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Defendant breached plea agreement by fleeing to Mexico

June 10, 2013
Jennifer Nelson
A defendant was unable to convince the 7th Circuit Court of Appeals that despite his decision to flee the country for five years before he was sentenced in a drug case, the government should have to stick to the terms of his original plea agreement.
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7th Circuit finds meth dealer was acting like a merchant, not a manager

June 3, 2013
Marilyn Odendahl
Although an Indiana man determined how much and how often his buyers received methamphetamine as well as pressured them to sell, the 7th Circuit Court of Appeals concluded his sentence should not have been enhanced because his actions were not coercive.
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Specificity requirement does not extend to limitations of liability, 7th Circuit rules

June 3, 2013
Marilyn Odendahl
The 7th Circuit Court of Appeals has ruled that a contract clause limiting liability stands because the two commercial entities that entered into the agreement were sophisticated and knowingly negotiated the terms.
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  1. Indiana's seatbelt law is not punishable as a crime. It is an infraction. Apparently some of our Circuit judges have deemed settled law inapplicable if it fails to fit their litmus test of political correctness. Extrapolating to redefine terms of behavior in a violation of immigration law to the entire body of criminal law leaves a smorgasbord of opportunity for judicial mischief.

  2. I wonder if $10 diversions for failure to wear seat belts are considered moral turpitude in federal immigration law like they are under Indiana law? Anyone know?

  3. What a fine article, thank you! I can testify firsthand and by detailed legal reports (at end of this note) as to the dire consequences of rejecting this truth from the fine article above: "The inclusion and expansion of this right [to jury] in Indiana’s Constitution is a clear reflection of our state’s intention to emphasize the importance of every Hoosier’s right to make their case in front of a jury of their peers." Over $20? Every Hoosier? Well then how about when your very vocation is on the line? How about instead of a jury of peers, one faces a bevy of political appointees, mini-czars, who care less about due process of the law than the real czars did? Instead of trial by jury, trial by ideological ordeal run by Orwellian agents? Well that is built into more than a few administrative law committees of the Ind S.Ct., and it is now being weaponized, as is revealed in articles posted at this ezine, to root out post moderns heresies like refusal to stand and pledge allegiance to all things politically correct. My career was burned at the stake for not so saluting, but I think I was just one of the early logs. Due, at least in part, to the removal of the jury from bar admission and bar discipline cases, many more fires will soon be lit. Perhaps one awaits you, dear heretic? Oh, at that Ind. article 12 plank about a remedy at law for every damage done ... ah, well, the founders evidently meant only for those damages done not by the government itself, rabid statists that they were. (Yes, that was sarcasm.) My written reports available here: Denied petition for cert (this time around): http://tinyurl.com/zdmawmw Denied petition for cert (from the 2009 denial and five year banishment): http://tinyurl.com/zcypybh Related, not written by me: Amicus brief: http://tinyurl.com/hvh7qgp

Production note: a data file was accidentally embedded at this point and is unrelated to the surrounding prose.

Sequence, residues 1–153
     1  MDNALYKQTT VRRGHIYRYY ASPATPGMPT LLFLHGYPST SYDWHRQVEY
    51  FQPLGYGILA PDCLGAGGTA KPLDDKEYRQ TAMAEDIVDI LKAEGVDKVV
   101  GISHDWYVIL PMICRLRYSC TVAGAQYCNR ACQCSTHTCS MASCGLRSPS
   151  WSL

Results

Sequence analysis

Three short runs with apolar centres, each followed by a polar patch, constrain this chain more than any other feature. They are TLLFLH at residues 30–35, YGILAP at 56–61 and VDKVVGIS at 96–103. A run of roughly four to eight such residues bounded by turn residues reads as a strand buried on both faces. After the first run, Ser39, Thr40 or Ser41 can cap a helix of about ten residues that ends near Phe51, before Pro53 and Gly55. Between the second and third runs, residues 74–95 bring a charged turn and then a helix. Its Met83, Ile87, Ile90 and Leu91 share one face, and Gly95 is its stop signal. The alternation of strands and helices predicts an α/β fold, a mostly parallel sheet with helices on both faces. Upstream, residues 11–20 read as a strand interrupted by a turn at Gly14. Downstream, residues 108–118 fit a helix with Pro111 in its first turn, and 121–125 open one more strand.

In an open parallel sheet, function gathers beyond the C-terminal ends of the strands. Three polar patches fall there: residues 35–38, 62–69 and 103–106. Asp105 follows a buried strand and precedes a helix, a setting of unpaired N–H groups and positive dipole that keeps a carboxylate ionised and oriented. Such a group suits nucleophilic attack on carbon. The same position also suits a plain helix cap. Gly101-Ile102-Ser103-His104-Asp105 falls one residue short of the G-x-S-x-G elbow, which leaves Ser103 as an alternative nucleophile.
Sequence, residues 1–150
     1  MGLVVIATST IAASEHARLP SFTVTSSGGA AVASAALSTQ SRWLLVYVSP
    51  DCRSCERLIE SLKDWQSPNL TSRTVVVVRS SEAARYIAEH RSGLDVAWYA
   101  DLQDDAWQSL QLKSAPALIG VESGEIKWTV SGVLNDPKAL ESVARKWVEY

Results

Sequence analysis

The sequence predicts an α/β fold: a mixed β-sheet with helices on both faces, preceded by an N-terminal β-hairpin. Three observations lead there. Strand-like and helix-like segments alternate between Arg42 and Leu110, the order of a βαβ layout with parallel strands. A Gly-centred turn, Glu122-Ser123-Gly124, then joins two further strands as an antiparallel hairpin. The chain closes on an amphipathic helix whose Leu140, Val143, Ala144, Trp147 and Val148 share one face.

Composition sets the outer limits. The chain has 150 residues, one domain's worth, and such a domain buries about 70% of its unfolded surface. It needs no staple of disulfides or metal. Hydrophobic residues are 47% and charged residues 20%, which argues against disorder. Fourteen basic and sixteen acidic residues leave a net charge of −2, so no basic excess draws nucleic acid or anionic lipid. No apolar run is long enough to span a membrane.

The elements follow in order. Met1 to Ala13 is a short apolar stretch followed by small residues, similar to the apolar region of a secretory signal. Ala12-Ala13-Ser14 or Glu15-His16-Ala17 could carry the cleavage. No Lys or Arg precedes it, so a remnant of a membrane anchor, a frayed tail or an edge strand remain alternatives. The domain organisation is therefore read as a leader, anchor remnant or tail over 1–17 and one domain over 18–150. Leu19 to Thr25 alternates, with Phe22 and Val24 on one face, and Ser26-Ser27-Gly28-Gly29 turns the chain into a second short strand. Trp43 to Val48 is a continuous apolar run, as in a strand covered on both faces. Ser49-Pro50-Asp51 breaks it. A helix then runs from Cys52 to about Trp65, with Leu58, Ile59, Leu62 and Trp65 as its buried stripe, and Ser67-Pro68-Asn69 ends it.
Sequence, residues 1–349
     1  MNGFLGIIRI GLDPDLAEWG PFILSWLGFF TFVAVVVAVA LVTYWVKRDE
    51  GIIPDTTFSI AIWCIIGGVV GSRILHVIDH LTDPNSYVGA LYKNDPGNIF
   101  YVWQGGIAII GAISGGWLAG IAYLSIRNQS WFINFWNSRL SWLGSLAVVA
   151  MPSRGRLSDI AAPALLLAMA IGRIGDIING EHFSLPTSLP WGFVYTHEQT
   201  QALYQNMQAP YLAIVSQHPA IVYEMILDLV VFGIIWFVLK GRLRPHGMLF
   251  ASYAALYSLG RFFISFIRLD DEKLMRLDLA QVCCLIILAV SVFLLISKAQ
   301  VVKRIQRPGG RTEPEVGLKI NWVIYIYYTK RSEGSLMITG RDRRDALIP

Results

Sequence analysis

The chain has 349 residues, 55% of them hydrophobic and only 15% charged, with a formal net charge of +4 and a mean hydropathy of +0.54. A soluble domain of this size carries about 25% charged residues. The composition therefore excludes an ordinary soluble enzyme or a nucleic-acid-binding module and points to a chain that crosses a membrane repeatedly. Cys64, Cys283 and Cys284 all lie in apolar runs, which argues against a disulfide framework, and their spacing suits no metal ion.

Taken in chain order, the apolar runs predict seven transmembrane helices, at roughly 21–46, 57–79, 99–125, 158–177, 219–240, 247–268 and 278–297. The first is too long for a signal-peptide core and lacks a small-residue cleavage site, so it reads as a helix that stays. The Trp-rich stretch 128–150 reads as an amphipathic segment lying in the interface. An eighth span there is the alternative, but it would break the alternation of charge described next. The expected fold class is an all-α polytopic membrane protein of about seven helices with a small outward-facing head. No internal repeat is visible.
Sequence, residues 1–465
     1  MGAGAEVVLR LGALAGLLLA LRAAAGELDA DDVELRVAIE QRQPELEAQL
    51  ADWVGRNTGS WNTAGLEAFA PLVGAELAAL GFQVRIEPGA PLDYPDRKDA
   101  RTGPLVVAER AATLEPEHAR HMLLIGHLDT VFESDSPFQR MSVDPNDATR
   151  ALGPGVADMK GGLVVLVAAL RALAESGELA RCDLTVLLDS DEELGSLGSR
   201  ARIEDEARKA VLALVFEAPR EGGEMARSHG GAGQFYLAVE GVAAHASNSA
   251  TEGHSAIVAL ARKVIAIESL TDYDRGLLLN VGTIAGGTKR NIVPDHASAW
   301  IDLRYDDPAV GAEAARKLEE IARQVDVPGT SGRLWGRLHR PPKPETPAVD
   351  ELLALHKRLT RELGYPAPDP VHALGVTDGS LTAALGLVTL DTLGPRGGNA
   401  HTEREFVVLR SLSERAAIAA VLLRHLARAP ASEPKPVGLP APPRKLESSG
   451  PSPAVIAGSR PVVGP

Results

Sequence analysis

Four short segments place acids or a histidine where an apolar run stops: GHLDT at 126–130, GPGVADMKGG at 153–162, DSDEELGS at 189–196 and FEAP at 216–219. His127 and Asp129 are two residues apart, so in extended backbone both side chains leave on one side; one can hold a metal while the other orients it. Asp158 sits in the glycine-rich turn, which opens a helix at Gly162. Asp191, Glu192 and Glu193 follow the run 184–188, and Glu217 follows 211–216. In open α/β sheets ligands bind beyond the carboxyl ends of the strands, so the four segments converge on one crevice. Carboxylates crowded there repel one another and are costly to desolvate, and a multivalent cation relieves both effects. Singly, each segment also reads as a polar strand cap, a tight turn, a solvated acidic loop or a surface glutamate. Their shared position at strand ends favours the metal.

4. Justice has finally been served. So glad that Dr. Ley can finally sleep peacefully at night knowing the truth has finally come to the surface.

  5. While this right is guaranteed by our Constitution, it has in recent years been hampered by insurance companies, i.e.; the practice of the plaintiff's own insurance company intervening in an action and filing a lien against any proceeds paid to their insured. In essence, causing an additional financial hurdle for a plaintiff to overcome at trial in terms of overall award. In a very real sense an injured party in exercise of their right to trial by jury may be the only party in a cause that would end up with zero compensation.